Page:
Mon, 11 Jun 2018
HOPE remains for the future of The White Hart Inn, Hamstead Marshall after an appeal decision which blocked fresh plans for the 18th-century country pub to be converted into housing.
Planning inspector Rory Cridland ruled that the village pub was still a “valued community facility” – and believed it was still viable with the correct business model.
Councillors, planning officers and chartered surveyors gathered at West Berkshire Council’s offices in April to hear fresh evidence on whether the inn should be turned into housing with associated parking.
During the hearing, Mr Cridland heard arguments for and against whether the existing building – which closed on September 11, 2015 – is redundant as a public house, analysing its viability, community and marketing value.
The inn’s current owner, Stella Coulthurst, had appealed to the planning inspectorate earlier this year after the district council twice rejected her application to convert the pub into four dwellings with associated parking.
During the appeal, representatives from appellant Sturt and Company had suggested that three other pubs that lie on Hamstead Marshall’s parish boundary were feasible alternatives for residents to use.
These included The Craven Arms, The Red House and the Furze Bush Inn.
But, in weighing up the inn’s community value, Mr Cridland concluded that these other facilities provided “only partial mitigation” in accommodating the needs of local residents.
In his report, Mr Cridland wrote: “It would still result in the loss of a valued community facility which clearly has a considerable amount of local support.
“I therefore conclude that The White Hart Inn is a valued community facility, the unnecessary loss of which should be guarded against.”
Mr Cridland also refused to take into account the potential amount of money which a change in use application could generate under a New Homes Bonus scheme.
New Homes Bonuses are grants paid by central government to local councils to encourage housing growth in their areas and also include empty buildings brought back to good use.
But Mr Cridland ruled it inappropriate, under planning practice guidance, to make a decision based on the potential for the development to raise money for a local authority.
He also labelled the site’s wider economic and employment benefits during construction and its contribution to housing supply as “modest”.
Despite being marketed on a leasehold basis since August 2015, the hearing also heard how The White Hart Inn had previously been run on an owner-operator basis as far back as 2004.
In order to prove the public house is genuinely redundant, Mr Cridland deemed it necessary for the appellant to demonstrate that there is no market interest by running it on a similar basis.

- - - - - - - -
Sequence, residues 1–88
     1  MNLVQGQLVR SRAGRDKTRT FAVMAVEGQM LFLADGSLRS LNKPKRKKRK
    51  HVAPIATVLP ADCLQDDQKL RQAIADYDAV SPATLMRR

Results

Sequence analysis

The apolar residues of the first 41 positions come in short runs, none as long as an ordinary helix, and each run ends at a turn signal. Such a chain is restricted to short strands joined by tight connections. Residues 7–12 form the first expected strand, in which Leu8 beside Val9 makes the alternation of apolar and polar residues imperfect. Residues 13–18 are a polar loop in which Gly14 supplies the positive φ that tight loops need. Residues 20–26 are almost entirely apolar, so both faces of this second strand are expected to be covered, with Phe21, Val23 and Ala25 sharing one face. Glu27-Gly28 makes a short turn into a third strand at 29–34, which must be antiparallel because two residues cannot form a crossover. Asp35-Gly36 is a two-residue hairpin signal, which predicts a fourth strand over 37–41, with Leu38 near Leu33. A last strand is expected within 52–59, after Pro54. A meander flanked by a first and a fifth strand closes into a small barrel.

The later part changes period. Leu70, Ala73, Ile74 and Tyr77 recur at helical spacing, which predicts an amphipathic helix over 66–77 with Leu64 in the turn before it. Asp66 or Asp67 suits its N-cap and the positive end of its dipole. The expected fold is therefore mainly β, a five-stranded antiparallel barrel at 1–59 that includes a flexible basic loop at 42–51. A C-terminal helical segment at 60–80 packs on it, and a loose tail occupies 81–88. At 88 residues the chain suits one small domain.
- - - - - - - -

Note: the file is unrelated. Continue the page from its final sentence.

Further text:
He said: “While I accept that the public house market is, in general, a difficult one to operate in and that this is even more so for rural pubs, I do not consider that the failure of the past two operators, operating very different models, is sufficient to demonstrate that the use of the site as a public house is no longer viable.”
Mr Cridland’s view was echoed by Hamstead Marshall parish councillor Anne Budd, who claimed at April’s hearing the pub’s closure would result in the ‘dilution’ of the community’s identity.
Mrs Budd said: “In the hands of an experienced operator, The White Hart Inn is a viable pub business and the campaign team are standing by to assist and support any person who is interested in taking over the pub.
“The needs of the community prevailed and I, for one, am thankful for that.
“It is a tribute to all those people who submitted their objections to the appeal and the two-and-a-half years that the campaign team worked tirelessly to keep the pub as a much-needed community facility.”
The decision was also praised by chairman of the Save The White Hart campaign group John Handy, who said it was a victory for Hamstead Marshall.
Mr Handy said: “The consistent effort of two-and-a-half years of hard work was recognised by the inspector as an indication of the pub’s value within the community.
“Hamstead Marshall is largely defined by The White Hart and the pub is very important to our identity.
“We are really pleased with the inspector’s decision, but the real celebration will only come when it opens again as the village pub.
“I would like to thank all those who have supported the campaign, particularly the campaign group.”